quotes... Christian Aesthetics

Due to the recent and worthwhile discussion generated by the last entry, I thought it would be a good idea to give a sample of the work of one evangelical philosopher/theologian who has contributed immensely to the conversation about defining art. Consider these thoughts:

There is no purpose which art serves, not any which it is intended to serve. Art plays and is meant to play an enormous diversity of roles in human life. Works of art are instruments by which we perform such diverse actions as praising our great mean and expressing our grief, evoking emotion and communicating knowledge. Works of art are objects of such actions as contemplation for the sake of delight. Works of art are accompaniments for such actions as hoeing cotton and rocking infants. Works of art are background for such actions as eating meals and walking through airports… The purposes of art are the purposes of life.

Nicholas Wolterstorff, Art in Action, 4


Surely it is time for us to break out, to start over, to somehow find a way of approaching art which no longer focuses successively on artist and work and receiver, but instead holds all these in view simultaneously, and does so in such a way as to answer the call, now increasingly heard, to take account of the social embeddedness of whichever of these one has in the center of one’s attention: artist, work, receiver. I suggest that we approach art from the angle of the social practices of art.

Nicholas Wolterstorff, “Philosophy of Art After Analysis and Romanticism,” 158.


music... Derek Webb

Mockingbird by Derek Webb

Sadly, it seems Derek Webb has lost his faith in the power of art.

From all accounts, the progressive trajectory that characterized Webb’s I See Things Upside Down has diverged from its artistic course and instead proceeded toward pure rhetoric. In this way, Mockingbird could have made excellent source material for a series of magazine editorials, commentary for a bible study, or maybe a book of poetry. But it should not have been recorded as an album. How did it all go so wrong for the most promising Christian singer-songwriter of this generation?

Webb has always worn his influences on his sleeve, and that sort of honesty has worked well for him in the past because he chose superior influences. I would recommend that Webb return quickly to his influences, namely Dylan. A secondary viewing of No Direction Home might reveal for him more clearly the genius behind Dylan’s legacy. In a time when the country was torn in two by conflicting opinions of grave political matters, Dylan refused to let his art be subsumed into the prevalent ethos of topical songwriting. It’s the reason that the world will never forget Bob Dylan and never remember Pete Seeger. Dylan launched a legacy in the 60’s while those around him launched campaigns. Ironically, Dylan’s music unquestionably had the greater impact on society and culture. Webb would do well to follow his mentor’s lead in this area.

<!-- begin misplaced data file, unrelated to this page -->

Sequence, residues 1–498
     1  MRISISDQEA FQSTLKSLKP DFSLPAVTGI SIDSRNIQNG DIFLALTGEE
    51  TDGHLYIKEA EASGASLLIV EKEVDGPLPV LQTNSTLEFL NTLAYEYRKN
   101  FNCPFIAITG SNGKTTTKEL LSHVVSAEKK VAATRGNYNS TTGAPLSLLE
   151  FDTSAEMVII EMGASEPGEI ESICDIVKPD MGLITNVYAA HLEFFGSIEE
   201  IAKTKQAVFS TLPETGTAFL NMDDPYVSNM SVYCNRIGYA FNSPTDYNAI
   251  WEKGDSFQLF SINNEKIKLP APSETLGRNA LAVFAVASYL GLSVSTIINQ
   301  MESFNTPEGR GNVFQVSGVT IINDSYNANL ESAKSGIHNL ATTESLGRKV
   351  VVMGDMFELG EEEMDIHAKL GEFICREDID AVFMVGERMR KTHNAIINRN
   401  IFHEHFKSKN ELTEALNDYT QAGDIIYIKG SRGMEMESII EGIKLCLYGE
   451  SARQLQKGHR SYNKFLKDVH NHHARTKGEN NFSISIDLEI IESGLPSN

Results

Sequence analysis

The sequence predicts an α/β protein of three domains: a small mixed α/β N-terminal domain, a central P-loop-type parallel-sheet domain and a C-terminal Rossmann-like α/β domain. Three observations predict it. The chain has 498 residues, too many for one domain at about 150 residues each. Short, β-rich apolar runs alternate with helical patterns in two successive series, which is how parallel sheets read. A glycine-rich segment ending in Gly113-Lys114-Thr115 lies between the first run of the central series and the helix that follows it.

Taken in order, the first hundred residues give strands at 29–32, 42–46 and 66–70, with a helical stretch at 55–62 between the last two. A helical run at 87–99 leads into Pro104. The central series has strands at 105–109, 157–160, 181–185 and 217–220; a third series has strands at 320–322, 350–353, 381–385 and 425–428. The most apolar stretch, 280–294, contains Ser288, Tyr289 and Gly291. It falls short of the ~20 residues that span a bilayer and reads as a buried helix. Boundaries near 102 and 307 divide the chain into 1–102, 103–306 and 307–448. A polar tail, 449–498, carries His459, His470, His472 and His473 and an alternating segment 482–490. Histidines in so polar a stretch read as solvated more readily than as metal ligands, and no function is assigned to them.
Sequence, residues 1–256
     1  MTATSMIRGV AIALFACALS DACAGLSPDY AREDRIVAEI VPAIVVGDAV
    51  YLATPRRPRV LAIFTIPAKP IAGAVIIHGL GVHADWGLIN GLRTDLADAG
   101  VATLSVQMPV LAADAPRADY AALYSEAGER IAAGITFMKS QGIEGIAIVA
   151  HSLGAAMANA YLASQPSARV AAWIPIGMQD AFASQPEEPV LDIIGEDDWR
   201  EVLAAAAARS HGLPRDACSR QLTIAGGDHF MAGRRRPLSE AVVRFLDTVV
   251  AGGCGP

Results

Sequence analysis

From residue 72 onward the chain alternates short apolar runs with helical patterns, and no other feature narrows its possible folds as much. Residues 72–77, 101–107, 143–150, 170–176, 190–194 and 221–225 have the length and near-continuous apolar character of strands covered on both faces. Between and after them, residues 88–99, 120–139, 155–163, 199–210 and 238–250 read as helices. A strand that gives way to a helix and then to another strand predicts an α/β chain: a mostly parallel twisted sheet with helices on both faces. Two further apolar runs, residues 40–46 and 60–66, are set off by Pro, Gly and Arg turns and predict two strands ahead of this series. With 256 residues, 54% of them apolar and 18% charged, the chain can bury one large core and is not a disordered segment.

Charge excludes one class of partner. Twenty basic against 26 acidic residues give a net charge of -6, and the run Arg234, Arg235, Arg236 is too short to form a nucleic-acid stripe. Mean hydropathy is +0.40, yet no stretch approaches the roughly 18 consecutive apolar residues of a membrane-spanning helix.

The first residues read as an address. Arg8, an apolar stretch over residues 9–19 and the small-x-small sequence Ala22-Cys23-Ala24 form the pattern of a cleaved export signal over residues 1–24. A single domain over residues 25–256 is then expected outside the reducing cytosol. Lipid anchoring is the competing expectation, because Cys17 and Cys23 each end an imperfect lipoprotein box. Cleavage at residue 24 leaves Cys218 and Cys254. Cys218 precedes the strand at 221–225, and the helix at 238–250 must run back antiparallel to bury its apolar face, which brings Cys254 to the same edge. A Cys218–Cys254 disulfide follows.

By any standard, art should show and not teach, dream and not dictate. Not even the best intentions or the truest sentiments can adequately replace the visionary abilities of art. Unfortunately, this is the untold story of kitsch. Usually thought of purely in terms of overly sweet or saccharine sentimentality, kitsch actually has a dark side as well. You see the earnest convictions of Webb’s newest cd are no different than the sappiest CCM love ballad to God because both rely on pre-digested content. Sadly, political credos do little more than Hallmark slogans in the end. Both are easily dismissed for the simple fact that neither evoke wonder and deepen the questions upon revisiting.

Even in truly difficult times, people still want sermons from their preachers and songs from their artists. Art will not change the world on its own, but it must be allowed to do its individual and unique part. If Webb wants the choir to sing so badly, maybe he should stop preaching to them and start modelling for them a better approach to art-making. We don't need another mockingbird.